Peter Gabriel’s new album redefines rock

Peter Gabriel made his 2023 debut with his most ambitious album, “I/O,” released on Dec. 1. On Oct. 18, it was announced that a new album of all his singles this past year would be released this winter. Fans of the iconic ‘80s star have anticipated an album featuring new material; a wait that has lasted over twenty years. 

Gabriel seemingly puts himself at the center of his own universe, letting his loyal fans know that he can still bring the house down with hits like “Road to Joy” or “Olive Tree.” Whether you are a new listener or a long-time fan of his work, everyone can appreciate Gabriel’s dedication to creating an album that will surely be remembered for years. 

If you’ve been following the single releases, the songs are not all that new since he’s released them every full moon, with “Panopticom” kicking the year off on Jan. 6.  What I love about the album is that each song has two versions: a Bright- and Dark-Side mix. I found this interesting because it felt like I was listening to a selection of brand-new songs once the album went onto side B. 

The first half is compiled of the Bright-Side mixes, which are my personal favorites because of the more upbeat sound and feel. The Dark-Side mixes have minor tweaks to each song, enhancing the listener’s experience by presenting the song in a brand new way. Having two different mixes on one album sounds like too much, but it could be a creative touch Gabriel wanted to incorporate into this album, one that has been in the works for years.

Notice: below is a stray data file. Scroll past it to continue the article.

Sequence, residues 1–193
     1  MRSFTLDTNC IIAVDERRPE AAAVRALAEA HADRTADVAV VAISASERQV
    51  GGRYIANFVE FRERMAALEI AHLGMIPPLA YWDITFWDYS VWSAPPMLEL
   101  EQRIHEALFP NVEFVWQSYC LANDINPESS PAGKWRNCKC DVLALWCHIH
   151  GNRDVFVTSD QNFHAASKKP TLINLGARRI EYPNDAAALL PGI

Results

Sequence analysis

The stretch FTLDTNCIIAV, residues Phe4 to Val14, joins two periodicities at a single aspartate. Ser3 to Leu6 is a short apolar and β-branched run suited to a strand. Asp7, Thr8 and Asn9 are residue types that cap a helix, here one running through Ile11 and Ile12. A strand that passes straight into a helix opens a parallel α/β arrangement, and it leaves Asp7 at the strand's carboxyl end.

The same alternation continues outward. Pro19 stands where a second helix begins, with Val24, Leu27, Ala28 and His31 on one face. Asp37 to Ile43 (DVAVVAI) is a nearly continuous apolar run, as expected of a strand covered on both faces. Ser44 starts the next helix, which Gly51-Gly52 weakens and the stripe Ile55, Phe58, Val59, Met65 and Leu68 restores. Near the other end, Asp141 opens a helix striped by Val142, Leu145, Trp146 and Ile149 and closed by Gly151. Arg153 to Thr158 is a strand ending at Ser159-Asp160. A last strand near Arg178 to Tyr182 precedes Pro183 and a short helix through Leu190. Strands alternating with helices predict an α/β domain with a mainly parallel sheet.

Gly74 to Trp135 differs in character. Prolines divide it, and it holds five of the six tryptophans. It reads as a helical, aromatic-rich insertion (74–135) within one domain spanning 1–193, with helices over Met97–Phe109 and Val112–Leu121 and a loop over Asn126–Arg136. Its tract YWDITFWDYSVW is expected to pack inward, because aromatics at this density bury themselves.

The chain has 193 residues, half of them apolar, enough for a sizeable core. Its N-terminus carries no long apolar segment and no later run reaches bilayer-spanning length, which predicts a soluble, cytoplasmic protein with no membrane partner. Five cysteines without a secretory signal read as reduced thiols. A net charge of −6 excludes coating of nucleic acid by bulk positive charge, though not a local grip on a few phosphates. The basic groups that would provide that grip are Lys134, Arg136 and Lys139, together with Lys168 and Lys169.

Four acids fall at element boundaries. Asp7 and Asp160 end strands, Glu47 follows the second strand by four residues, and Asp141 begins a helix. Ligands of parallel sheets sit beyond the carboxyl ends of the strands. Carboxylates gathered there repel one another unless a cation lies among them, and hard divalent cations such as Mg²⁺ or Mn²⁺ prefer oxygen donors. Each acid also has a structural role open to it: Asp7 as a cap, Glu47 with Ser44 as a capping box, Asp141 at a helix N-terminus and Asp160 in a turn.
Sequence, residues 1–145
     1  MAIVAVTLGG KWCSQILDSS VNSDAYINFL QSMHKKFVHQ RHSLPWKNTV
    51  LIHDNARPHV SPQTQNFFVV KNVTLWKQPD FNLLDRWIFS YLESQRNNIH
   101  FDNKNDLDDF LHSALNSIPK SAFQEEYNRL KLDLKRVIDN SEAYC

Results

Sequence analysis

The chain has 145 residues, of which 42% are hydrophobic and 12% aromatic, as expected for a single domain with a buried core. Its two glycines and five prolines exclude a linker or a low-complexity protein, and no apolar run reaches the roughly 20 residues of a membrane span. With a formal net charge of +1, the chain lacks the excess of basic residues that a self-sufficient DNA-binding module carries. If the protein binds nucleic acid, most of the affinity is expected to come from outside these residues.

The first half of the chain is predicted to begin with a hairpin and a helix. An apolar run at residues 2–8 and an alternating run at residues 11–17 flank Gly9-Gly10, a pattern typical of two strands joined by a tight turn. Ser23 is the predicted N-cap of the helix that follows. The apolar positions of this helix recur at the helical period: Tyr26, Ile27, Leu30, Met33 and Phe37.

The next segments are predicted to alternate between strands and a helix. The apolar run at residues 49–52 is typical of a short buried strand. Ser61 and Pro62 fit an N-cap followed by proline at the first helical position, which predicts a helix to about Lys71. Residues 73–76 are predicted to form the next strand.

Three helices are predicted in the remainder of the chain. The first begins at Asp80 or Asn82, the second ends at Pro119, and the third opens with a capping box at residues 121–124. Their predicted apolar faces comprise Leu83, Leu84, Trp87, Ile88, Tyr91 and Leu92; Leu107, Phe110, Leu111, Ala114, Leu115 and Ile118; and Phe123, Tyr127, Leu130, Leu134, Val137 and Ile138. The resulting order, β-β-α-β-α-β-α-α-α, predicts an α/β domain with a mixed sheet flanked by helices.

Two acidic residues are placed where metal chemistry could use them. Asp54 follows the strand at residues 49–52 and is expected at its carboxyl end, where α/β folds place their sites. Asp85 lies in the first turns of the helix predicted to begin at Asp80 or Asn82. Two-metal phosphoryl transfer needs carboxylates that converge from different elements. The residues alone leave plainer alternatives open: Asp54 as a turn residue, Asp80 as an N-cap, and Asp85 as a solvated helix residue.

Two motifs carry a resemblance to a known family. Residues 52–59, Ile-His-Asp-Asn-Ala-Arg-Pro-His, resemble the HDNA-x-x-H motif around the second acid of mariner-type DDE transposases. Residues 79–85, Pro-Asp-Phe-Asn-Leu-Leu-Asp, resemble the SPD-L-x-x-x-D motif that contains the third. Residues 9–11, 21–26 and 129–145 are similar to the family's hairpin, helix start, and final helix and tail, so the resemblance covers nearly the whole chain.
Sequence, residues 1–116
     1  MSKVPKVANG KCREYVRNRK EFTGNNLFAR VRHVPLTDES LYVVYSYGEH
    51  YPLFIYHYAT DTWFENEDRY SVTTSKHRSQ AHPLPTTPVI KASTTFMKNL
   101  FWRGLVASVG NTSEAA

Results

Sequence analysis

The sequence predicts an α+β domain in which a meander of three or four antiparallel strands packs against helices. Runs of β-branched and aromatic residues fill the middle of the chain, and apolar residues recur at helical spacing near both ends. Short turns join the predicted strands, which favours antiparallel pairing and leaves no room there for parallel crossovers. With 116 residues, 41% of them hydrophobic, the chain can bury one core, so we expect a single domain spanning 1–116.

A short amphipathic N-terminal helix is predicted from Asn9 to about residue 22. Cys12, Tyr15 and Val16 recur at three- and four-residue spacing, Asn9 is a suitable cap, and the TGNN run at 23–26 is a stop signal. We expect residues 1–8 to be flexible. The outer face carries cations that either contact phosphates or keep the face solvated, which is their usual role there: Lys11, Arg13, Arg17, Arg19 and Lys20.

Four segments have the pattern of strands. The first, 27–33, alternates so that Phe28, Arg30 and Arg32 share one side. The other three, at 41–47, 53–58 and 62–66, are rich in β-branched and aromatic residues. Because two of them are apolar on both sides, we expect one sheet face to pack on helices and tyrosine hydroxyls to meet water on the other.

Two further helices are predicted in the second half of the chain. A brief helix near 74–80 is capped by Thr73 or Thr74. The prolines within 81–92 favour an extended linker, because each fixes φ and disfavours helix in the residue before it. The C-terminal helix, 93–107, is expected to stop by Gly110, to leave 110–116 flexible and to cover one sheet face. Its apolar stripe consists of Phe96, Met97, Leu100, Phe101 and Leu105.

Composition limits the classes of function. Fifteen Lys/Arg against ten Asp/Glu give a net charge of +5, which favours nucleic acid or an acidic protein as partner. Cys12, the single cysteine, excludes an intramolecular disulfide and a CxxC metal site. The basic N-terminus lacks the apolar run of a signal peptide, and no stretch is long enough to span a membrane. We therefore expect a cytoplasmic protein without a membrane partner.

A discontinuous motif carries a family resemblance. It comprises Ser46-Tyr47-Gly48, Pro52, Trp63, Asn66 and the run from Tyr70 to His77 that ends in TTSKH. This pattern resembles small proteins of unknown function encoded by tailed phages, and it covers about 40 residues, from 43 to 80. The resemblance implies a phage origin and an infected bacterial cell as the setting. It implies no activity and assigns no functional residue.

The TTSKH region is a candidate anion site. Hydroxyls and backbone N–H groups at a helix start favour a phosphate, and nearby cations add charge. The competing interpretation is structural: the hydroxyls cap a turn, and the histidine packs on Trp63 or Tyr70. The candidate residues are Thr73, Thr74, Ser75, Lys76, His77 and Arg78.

Fans will indeed have a favorite mix of each song, but tracks like “Live and Let Live (Dark-Side Mix)” are ones that need to be appreciated more. The final song before the album’s release cuts deep and recounts how difficult it can be to forgive someone who doesn’t necessarily deserve redemption, but leaves the door open for reconciliation. 

While rock is not my genre, I think “I/O” shows us a different side of what rock could be and where it may go. The entirety of the project was written and produced by Gabriel, which I feel is unexpected, especially since he collaborated with so many artists on this record. Gabriel has the creative control to do whatever he wants and is at the point in his career where anything is fair game. 

If he wants to experiment with sound and produce something for a new generation that hasn’t experienced a proper “Peter Gabriel production,” let him! Artists should be allowed to test out different genres, even if it is not their best song on the album. In hindsight, “I/O” allows Gabriel to dip his toes into the sounds of the 2020s and see where he would like to fit in, like a puzzle looking for its missing piece. 

One of my favorite songs off the album would have to be “Playing for Time,” a song that speaks so much truth on getting older, being afraid of what the future holds and how to focus more on the present. Listening to this song as a senior feels cathartic and almost as if someone took a glimpse into my notes app on my phone. While every song on the album almost seems like a love letter to the listener from Gabriel, this one, in particular, seems more personal and is created to show that there is someone who understands what it’s like getting older and how scary that can be. 

With a comeback like Gabriel’s, it’s hard not to enjoy the work he’s devoted himself to for years. The dedication of making a song and mixing it two different times for two very different sounds is not an easy task, yet the musical mind behind “Sledgehammer” apparently can do it all. It’s not often that we’re graced with an artist constantly working on music and to have it be this good, but I guess that’s what you get when you’re a fan of Gabriel. 


4/5 Stars


Featured photo courtesy of @itspetergabriel, Instagram